Last week, we shared a glimpse into the world of Amber Smith, a 22-year-old from the U.K. who struggles with anxiety, including panic attacks.
Smith caught the attention of the world when she posted a shot of herself done-up and perfectly filtered, then another looking visibly shaken after a panic attack accompanied by a powerful message concerning her personal battle with anxiety.
Smith, of course, is far from alone. Millions of people around the world struggle with some sort of mental health disorder. In Canada, this includes one in five people. Hitting close to home for many of us, a new study from CivicAction revealed that mental health issues affect more than 1.5 million workers in the Greater Toronto and Hamilton areas.
This represents one in two workers.
Globally, the number of people suffering from anxiety or depression has rapidly increased over the past few decades, according to the World Health Organization (WHO). Between 1990 and 2013, the number of people suffering from these two common mental disorders, increased by almost 50 per cent, from 416 million to 615 million globally.
Investing in treating all these people is obviously no small undertaking, but the WHO points to a recent study that reveals that there are global economic benefits in investing in treatments for depression and anxiety. And that’s beside the point of fostering healthier people.
The study – published last week in The Lancet Psychiatry – found that for every U.S. dollar invested in treating depression and anxiety, there was a $4 return in better health and ability to work. The study calculated estimated treatment costs and health outcomes in 36 countries from 2016 to 2030 and is the first to argue for the global economic benefits of investing in treatments for the two mental disorders.
The calculations includes a 5 per cent improvement in worker participation and productivity, which is valued at $399 billion annually. Furthermore, improved health adds another $310 billion in returns, more than doubling the government’s return on investment (about $147 billion).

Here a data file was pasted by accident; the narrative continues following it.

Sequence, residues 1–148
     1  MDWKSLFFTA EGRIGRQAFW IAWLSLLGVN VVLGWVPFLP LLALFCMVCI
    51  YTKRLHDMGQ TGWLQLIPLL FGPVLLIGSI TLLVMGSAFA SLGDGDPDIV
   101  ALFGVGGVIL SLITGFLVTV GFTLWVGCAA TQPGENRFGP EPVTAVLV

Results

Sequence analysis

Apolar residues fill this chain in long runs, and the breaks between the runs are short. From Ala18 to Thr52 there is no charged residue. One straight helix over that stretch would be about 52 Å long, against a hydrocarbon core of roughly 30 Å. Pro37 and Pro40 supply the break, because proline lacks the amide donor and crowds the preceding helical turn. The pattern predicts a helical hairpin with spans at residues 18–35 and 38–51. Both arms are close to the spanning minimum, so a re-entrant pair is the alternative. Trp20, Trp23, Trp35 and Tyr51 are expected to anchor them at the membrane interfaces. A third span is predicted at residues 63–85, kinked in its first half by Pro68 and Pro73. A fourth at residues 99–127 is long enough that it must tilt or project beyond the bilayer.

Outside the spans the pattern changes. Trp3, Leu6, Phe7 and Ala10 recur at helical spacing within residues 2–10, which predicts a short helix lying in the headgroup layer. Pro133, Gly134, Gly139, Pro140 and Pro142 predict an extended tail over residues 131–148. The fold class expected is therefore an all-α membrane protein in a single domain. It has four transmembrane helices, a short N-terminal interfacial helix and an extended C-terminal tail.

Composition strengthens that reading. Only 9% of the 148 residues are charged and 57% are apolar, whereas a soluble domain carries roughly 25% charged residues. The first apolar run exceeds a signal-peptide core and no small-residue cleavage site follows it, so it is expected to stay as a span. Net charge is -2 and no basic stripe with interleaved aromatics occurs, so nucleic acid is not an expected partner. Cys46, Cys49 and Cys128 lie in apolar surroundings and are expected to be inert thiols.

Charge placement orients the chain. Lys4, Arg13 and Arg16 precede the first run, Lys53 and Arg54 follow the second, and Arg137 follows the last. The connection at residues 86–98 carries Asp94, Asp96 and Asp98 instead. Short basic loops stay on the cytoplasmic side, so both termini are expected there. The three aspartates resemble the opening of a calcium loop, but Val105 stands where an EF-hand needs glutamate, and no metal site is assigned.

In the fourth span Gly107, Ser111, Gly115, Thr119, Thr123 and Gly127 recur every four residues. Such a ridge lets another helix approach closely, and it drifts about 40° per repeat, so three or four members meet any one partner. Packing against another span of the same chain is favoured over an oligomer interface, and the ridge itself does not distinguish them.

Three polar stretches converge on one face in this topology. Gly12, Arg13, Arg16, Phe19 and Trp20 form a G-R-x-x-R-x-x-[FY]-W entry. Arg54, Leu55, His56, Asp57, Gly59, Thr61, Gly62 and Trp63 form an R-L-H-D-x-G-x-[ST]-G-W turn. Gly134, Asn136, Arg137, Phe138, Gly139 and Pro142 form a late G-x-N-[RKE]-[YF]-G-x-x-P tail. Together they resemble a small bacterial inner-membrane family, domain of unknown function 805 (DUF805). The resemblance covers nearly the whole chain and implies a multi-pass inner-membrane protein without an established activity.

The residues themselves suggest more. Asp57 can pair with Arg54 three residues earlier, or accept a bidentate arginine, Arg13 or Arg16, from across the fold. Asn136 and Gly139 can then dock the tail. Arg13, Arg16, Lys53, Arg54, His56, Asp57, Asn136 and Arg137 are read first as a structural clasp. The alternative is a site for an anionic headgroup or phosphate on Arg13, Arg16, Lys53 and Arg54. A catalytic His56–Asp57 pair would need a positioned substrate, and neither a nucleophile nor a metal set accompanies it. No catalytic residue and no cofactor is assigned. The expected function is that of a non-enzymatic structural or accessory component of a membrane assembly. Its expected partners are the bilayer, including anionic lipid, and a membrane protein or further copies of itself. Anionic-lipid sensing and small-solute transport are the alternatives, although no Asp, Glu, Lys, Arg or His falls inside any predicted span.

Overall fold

“We know that treatment of depression and anxiety makes good sense for health and well-being; this new study confirms that it makes sound economic sense, too,” said Margaret Chan, director-general of the WHO in a statement. “We must now find ways to make sure that access to mental health services becomes a reality for all men, women and children, wherever they live.”
Investment in mental health care is currently insufficient. The WHO’s Mental Health Atlas 2014 survey found that governments spend an average of 3 per cent of their health budgets on mental health. Poorer countries spend less than 1 per cent, while wealthier countries spend 5 per cent. As highlighted by the WHO findings, humanitarian emergencies and world conflict add to the need to scale up treatment options. During emergencies, one in five people could be affected by depression and anxiety.
In Toronto, CivicAction says that mental health issues like depression, anxiety, substance use, and bipolar disorder could cost the Greater Toronto and Hamilton areas nearly $17 billion in lost productivity over the coming decade.
Not surpassingly, CivicAction calls for more support for workers’ mental health needs. Echoing the WHO report, the organization argues in favour of a business case for addressing mental health concerns.
“We know…that when managers are trained in mental health-related matters, the short-term disability claims drop by 20 per cent,” said CEO Sevaun Palvetzian. He acknowledged that not all employers recognize or understand the merits of addressing mental health concerns.
Interestingly enough, the CivicAction survey found that employees aged 18 to 34 reported the highest rates of workplace stress overall. As a growing number of millennials start to “come out” with their own mental health struggles, it seems impossible to ignore the growing issue any longer.